GDPR for individuals

The General Data Protection Regulation (GDPR) from 25th May 2018 will replace current data protection laws in the European Union.

The new law will give individuals greater control over their data by setting out additional and more clearly defined rights for individuals whose personal data is collected and processed by organisations. The GDPR also imposes corresponding and greatly increased obligations on organisations that collect this data.

Personal data is any information that can identify an individual person. This includes a name, an ID number, location data (for example, location data collected by a mobile phone) or a postal address, online browsing history, images or anything relating to the physical, physiological, genetic, mental, economic, cultural or social identity of a person.

The GDPR is based on the core principles of data protection which exist under the current law. These principles require organisations and businesses to:

  • collect no more data than is necessary from an individual for the purpose for which it will be used;
  • obtain personal data fairly from the individual by giving them notice of the collection and its specific purpose;
  • retain the data for no longer than is necessary for that specified purpose;
  • to keep data safe and secure; and
  • provide an individual with a copy of his or her personal data if they request it.

Under the GDPR individuals have the significantly strengthened rights to:

  • obtain details about how their data is processed by an organisation or business;
  • obtain copies of personal data that an organisation holds on them;
  • have incorrect or incomplete data corrected;
  • have their data erased by an organisation, where, for example, the organisation has no legitimate reason for retaining the data;
  • obtain their data from an organisation and to have that data transmitted to another organisation (Data Portability);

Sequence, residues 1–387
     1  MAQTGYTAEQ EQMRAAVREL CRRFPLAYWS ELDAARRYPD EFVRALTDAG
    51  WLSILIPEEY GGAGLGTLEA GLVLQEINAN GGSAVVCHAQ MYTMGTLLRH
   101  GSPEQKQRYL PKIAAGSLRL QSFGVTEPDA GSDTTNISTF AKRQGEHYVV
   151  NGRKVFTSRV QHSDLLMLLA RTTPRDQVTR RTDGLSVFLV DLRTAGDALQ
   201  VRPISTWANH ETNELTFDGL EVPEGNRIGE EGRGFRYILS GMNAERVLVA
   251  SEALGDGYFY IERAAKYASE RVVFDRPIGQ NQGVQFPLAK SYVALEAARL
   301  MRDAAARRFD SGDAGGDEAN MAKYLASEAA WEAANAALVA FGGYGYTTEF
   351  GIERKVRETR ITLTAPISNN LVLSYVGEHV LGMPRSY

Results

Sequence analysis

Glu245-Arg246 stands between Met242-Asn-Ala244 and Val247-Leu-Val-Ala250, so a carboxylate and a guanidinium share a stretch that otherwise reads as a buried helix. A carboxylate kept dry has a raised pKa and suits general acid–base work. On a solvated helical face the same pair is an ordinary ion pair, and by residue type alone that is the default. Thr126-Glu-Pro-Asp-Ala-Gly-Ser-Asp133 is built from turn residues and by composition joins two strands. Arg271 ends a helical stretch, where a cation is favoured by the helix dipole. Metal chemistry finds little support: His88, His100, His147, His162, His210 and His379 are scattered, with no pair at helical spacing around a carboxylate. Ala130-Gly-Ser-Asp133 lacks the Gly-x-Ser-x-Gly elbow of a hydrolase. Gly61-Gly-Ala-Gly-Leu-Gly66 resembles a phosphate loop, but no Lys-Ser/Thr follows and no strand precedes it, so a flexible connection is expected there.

• object to the processing of their data by an organisation in certain circumstances;
  • not to be subject to (with some exceptions) automated decision making, including profiling.

Organisations and businesses collecting and processing personal data will be required to meet a very high standard in how they collect, use and protect data. Very importantly, organisations must always be fully transparent to individuals about how they are using and safeguarding personal data, including by providing this information in easily accessible, concise, easy to understand and clear language.

For organisations and businesses who breach the law, the Data Protection Commissioner is being given more robust powers to impose very substantial sanctions including the power to impose fines. Under the new law, the DPC will be able to fine organisations up to €20 million (or 4% of total global turnover) for the most serious infringements.

The GDPR will also permit individuals to seek compensation through the courts for breaches of their data privacy rights, including in circumstances where no material damage or financial loss has been suffered.

In the coming period further information will be provided here on the rights of individuals under the GDPR.

 

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